Beyond our ancestors before us, because of God, we can find encouragement in endurance. Our chief end is to glorify God, and to enjoy him forever.

Even when we are at our worst, God’s goodness endures forever. “Why boastest thou thyself in mischief, O mighty man? The goodness of God endureth continually.” (Psalm 52:1)

Even when we doubt, God’s truth endures forever. “For the Lord is good; his mercy is everlasting; and his truth endureth to all generations.” (Psalm 100:5)

Despite our ruthlessness, God’s mercy endures forever. “Praise ye the Lord. O give thanks unto the Lord; for He is good: for His mercy endureth for ever.” (Psalm 106:1)

Regardless of our immorality, God’s righteousness endures forever. “His work is honourable and glorious: and His righteousness endureth for ever.” (Psalm 111:3)

Even though we think we’re in charge right now, His dominion endures forever. “Thy kingdom is an everlasting kingdom, and thy dominion endureth throughout all generations.” (Psalm 145:13)

Originally published as “Endurance.” Minto Express, Independent Plus, Arthur Enterprise-News, Mount Forest Confederate. November 29, 2018: 6. Print. Web.

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Friday

8

February 2019

Hope for the Anxious Heart

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In the midst of how you’re feeling, it always helps to remember the facts

While the degree to which may vary, anxiety affects each of us in some shape or form. It can be easy to get caught up in the events of the day, to find your mind wandering and replaying in the middle of the night, or playing out possible scenarios to all kinds of situations that haven’t even happened. Anxiety, fear, and worry happen to us all. In the midst of how you’re feeling, it always helps to remember the facts. There is hope for the anxious heart.

Feeling worried? Remember what Jesus asked the disciples in Luke 12: “Consider the ravens: for they neither sow nor reap; which neither have storehouse nor barn; and God feedeth them: how much more are ye better than the fowls? And which of you with taking thought can add to his stature one cubit? If ye then be not able to do that thing which is least, why take ye thought for the rest?” (Luke 12:25-26) The only thing that worrying accomplishes is wearing you out. Jesus also said that we should, “Take therefore no thought for the morrow: for the morrow shall take thought for the things of itself. Sufficient unto the day is the evil thereof.” (Matthew 6:34). When you’re tempted to worry, take it to the Lord and He will give you peace (Philippians 4:6-7).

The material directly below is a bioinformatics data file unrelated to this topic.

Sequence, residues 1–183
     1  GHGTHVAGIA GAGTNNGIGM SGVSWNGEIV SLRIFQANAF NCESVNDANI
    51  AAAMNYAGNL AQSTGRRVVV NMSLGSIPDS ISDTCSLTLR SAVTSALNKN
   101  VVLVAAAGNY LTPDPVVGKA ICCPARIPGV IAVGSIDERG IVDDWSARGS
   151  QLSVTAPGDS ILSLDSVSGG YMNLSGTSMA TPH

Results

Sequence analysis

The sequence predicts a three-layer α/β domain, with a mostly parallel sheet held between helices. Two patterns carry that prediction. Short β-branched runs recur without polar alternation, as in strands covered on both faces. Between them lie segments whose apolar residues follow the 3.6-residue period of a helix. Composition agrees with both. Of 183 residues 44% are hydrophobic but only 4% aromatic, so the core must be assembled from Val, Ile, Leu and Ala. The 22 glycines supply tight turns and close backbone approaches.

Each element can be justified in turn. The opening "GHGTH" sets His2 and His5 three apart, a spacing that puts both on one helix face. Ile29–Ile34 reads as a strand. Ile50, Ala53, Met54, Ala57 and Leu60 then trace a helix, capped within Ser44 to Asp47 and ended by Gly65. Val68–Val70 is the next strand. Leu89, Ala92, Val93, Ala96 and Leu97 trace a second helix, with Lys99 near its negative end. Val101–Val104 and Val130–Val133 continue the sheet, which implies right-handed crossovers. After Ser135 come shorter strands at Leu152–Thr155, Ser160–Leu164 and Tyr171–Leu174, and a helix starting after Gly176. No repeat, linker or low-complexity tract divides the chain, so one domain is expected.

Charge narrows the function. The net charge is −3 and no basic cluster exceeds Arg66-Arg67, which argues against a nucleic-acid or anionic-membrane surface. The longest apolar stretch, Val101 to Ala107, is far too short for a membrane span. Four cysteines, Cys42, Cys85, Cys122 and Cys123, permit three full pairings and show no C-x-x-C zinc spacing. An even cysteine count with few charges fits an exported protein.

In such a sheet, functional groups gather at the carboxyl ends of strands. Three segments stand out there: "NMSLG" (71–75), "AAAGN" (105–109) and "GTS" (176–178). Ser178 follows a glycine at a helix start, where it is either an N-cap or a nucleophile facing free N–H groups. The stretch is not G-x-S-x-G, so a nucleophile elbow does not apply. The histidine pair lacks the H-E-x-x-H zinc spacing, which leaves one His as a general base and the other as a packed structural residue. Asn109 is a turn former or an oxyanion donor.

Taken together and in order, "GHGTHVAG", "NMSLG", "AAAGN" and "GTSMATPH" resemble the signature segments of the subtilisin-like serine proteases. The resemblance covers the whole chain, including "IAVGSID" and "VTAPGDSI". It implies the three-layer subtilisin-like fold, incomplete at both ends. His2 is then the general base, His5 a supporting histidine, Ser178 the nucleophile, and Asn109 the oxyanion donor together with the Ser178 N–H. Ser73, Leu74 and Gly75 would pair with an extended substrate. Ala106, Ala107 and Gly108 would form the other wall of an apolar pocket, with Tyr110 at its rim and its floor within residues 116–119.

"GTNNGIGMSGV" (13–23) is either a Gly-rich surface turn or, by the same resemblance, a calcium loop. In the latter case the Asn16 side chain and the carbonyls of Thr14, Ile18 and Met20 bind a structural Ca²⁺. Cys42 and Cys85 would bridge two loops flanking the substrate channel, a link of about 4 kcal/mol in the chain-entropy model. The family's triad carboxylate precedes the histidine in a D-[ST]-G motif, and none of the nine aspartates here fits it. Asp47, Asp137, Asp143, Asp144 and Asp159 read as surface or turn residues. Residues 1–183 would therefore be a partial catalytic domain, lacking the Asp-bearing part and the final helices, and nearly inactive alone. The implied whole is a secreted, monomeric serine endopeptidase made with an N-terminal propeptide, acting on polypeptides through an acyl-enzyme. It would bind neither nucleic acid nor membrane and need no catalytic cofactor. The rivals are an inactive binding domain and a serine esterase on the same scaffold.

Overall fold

Beyond worry, fear is also a reality for many people. When Joshua became Moses’s successor, it was a daunting task. He was commanded to “Be strong and of a good courage, fear not, nor be afraid of them: for the LORD thy God, he it is that doth go with thee; he will not fail thee, nor forsake thee.” (Deuteronomy 31:6) Or consider David, who penned Psalm 34 from the cave of Adullam while fleeing Saul. In the midst of his fears, David said, “I sought the LORD, and he heard me, and delivered me from all my fears.” (Psalm 34:4) “Say to them that are of a fearful heart, Be strong, fear not: behold, your God will come with vengeance, even God with a recompence; he will come and save you.” (Isaiah 35:4)

Hope for the anxious heart is never too far away, in fact, God promises us that He is always with us (Isaiah 41:10) and He will never abandon us (Hebrews 13:5-6). “In the multitude of my thoughts within me thy comforts delight my soul.” (Psalm 94:19) What are God’s comforts? His love is eternal, His promises are never broken, and He is the surety of our salvation. As Thomas Horton said, “The little world within us is, like the great world without full of confusion and strife; but when Jesus enters it, and whispers “Peace be unto you,” there is a calm, yea, a rapture of bliss. Let us turn away from the mournful contemplation of the oppression of man and the present predominance of the wicked, to that sanctuary of pure rest which is found in the God of all comfort.”

Originally published as “Hope for the anxious heart.” Minto Express, Independent Plus, Arthur Enterprise-News, Mount Forest Confederate. November 8, 2018: 6. Print. Web.